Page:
This company Navient is quickly gaining a reputation as the Henry F. Potter of the U.S. student loan industry, and now one of Ohio’s finest public servants is preparing to drop the hammer on them.
Have I mentioned lately what a smart move it was for President Barack Obama to appoint former Ohio Attorney General and Treasurer Richard Cordray as the first director of the Consumer Financial Protection Bureau? Smart as a whip, I tell ye, as a whip.
As is Cordray, incidentally—smart, that is. And his efforts at the CFPB appear to be creating wounds that smart on the grifter paradise that has descended upon the American consumer.
Last week, Cordray announced that the CFPB is now considering a lawsuit against the nation’s largest student loan company for allegedly cheating borrowers.
The Consumer Financial Protection Bureau, which has been investigating the company for nearly two years, sent Navient a letter on Aug. 19 telling its executives that the agency’s enforcement staff had found enough evidence to indicate the company violated consumer protection laws, Navient disclosed Monday in a filing with the Securities and Exchange Commission. The CFPB also told Navient that the agency’s senior officials would now consider whether to sue the company in court.
The CFPB was proposed and established by U.S. Sen. Elizabeth Warren in the Dodd-Frank bill, and Cordray was nominated to be its first director. From 2011 until 2013, Republicans fought viciously to oppose Cordray’s appointment because, apparently, protecting consumers against huckster mortgage, credit card, and student loan practices will destroy America.
Concerns are mounting among policymakers that the nation’s growing $1.3 trillion student loan tab risks slowing economic growth, as millions of households either struggle to make payments or cut back in other ways. And regulators and experts worry that shoddy loan servicing may be partly responsible, as many borrowers complain they’re routinely mistreated and forced to stump up larger monthly payments than required.
Navient, which processes more student loan payments than any firm in the country, has been under investigation for at least two years by several federal and state authorities for allegedly overcharging borrowers and otherwise mistreating them in violation of the law. The Department of Justice accused the company in 2014 of intentionally cheating active-duty troops on their student loans for nearly a decade.
The CFPB also has been investigating the company for numerous allegedly dodgy practices, such as the way its debt-collection unit treats distressed debtors and how its loan-servicing operation interacts with borrowers. A group of state attorneys general led by Washington and Illinois has been probing the company for more than a year. A feared regulator on Wall Street, the New York Department of Financial Services, also has launched an investigation.
This company sounds like a real paragon of virtue in the student lending industry. Whatever did we need the CFPB for in the first place?
Is there more, you ask? Is there ever.
Last year in May, Navient and its predecessor, Sallie Mae, agreed to pay $36.6 million in fines and restitution after the Federal Deposit Insurance Corp. alleged it processed payments in a way that maximized late fees while the company also misled borrowers about how they could avoid late fees.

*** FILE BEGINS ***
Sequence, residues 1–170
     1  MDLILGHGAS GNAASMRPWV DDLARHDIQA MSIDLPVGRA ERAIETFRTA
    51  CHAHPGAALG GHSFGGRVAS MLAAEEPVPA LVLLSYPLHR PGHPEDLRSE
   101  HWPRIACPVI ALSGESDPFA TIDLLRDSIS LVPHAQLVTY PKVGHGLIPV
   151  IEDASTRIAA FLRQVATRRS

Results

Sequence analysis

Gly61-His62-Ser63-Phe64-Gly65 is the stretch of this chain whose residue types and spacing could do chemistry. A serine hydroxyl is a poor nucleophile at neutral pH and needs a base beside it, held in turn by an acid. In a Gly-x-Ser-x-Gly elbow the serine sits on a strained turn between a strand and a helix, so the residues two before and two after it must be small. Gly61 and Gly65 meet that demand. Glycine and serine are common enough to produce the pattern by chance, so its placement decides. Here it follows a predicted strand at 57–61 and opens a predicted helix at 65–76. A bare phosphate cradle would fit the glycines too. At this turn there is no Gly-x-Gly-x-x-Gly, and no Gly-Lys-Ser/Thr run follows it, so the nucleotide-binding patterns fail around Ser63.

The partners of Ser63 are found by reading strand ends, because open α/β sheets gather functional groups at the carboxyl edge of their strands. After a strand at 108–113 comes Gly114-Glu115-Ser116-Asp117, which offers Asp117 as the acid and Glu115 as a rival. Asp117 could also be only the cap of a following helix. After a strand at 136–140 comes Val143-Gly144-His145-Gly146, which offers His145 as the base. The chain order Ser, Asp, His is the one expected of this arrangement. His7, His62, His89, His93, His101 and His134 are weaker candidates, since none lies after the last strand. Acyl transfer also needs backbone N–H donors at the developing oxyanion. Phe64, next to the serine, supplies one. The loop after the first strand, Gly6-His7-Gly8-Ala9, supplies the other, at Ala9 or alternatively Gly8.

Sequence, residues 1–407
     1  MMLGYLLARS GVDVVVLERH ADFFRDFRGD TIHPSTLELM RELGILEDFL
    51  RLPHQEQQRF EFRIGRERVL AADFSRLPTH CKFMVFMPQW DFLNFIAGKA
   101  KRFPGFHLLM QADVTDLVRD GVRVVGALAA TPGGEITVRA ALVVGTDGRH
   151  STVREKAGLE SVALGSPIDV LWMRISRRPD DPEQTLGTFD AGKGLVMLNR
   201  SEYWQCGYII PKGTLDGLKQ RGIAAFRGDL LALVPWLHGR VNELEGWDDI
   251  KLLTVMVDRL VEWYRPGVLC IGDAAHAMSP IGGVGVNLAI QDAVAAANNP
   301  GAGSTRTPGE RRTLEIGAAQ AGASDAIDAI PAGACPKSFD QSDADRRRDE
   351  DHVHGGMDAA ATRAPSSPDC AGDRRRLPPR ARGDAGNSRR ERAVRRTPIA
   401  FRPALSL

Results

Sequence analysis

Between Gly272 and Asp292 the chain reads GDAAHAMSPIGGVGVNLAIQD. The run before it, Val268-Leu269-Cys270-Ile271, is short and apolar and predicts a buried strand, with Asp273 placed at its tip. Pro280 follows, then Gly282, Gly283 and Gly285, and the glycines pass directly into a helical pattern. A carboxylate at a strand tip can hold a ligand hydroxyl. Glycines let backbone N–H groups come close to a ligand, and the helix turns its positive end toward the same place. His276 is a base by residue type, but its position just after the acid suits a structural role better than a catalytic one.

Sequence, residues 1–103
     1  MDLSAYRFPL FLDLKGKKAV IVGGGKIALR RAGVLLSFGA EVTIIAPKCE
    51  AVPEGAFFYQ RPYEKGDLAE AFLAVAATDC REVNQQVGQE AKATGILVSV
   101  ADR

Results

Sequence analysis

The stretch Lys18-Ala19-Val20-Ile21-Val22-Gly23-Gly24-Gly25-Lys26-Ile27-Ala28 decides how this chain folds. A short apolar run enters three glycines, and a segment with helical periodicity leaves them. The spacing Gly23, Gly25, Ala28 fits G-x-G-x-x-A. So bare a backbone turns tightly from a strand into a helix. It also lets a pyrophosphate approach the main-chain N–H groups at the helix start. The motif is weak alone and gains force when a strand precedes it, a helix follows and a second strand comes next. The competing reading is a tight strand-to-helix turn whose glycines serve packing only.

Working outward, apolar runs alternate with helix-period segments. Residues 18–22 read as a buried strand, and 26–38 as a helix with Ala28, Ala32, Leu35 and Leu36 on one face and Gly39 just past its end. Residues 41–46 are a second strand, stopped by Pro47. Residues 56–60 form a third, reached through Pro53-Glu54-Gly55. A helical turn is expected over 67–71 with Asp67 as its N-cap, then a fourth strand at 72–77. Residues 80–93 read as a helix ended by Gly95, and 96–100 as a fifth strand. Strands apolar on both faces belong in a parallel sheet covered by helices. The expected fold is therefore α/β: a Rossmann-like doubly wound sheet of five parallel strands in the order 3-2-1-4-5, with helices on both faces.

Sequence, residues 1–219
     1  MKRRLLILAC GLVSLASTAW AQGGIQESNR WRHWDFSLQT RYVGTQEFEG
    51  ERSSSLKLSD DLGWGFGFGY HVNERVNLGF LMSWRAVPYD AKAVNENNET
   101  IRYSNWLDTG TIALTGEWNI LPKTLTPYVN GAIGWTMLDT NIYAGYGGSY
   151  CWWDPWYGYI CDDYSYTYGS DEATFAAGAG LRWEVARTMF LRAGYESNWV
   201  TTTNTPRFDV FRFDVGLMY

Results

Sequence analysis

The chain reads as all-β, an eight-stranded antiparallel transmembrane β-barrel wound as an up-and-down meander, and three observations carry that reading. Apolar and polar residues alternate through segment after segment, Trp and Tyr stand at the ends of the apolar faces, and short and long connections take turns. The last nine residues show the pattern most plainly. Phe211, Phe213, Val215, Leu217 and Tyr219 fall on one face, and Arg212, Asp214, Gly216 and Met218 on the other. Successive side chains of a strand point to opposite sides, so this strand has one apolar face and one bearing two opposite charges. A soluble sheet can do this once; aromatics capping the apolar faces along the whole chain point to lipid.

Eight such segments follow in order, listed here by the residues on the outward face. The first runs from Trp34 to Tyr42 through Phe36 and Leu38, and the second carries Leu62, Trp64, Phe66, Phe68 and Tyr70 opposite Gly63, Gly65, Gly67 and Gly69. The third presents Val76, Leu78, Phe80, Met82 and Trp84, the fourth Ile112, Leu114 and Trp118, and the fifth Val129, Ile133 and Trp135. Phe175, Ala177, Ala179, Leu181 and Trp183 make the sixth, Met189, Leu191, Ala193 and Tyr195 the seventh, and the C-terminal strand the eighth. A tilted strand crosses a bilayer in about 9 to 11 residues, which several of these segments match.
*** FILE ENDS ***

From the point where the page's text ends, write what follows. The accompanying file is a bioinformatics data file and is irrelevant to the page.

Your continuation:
Around the time of the settlement, the company disclosed that it would “voluntarily” pay back other aggrieved borrowers about $42 million for its late-fee practices. That refund process — which the CFPB is expected to address — is now mostly complete, the company said in August in its most recent quarterly report.
What the hell kind of country is this now, sending children into adulthood saddled with an average of $35,000 in student loan and credit card debt after college? Wages have stagnated for 40 years and the path toward higher earnings is also now the path of crushing debt. As if that weren’t enough, banking lenders are committing large-scale fraud against borrowers.
A study by Bloomberg has shown that the cost of college has gone up 1,120 percent since 1978 when such records began being kept. That’s four times faster than the consumer price index. The price for college tuition and fees has radically outpaced inflation in every other category including housing, transportation, food, and the runner-up (still over 40 percent below college tuition) medical services.
Every now and again we are treated to a think piece in one of the remaining national glossies about how it’s so strange Millenials aren’t buying homes and automobiles like their parents did as though it’s some kind of lifestyle choice.
The truth is that Millenials are moving in with mom and dad after college, marrying later, and not buying homes and automobiles because most simply can not afford it. We are the first generation in America upon whom a lower standard of living has been passed.
Looking at this situation, the financial services industry sees little more than a population of vulnerable young people ripe for exploitation. But at least we have a watchdog like Cordray looking out for us, playing the George Bailey to Navient’s Potter.
“Just remember this, Mr. Potter, that this rabble you’re talking about, they do most of the working and paying and living and dying in this community. Is it too much to have them work and pay and live and die in a couple of decent rooms and a bath?”
David Charles DeWitt is a writer and man of sport and leisure. He has also written for Government Executive online, the National Journal’s Hotline, and The New York Observer’s Politicker.com. He can be found on Facebook and Twitter @DC_DeWitt.
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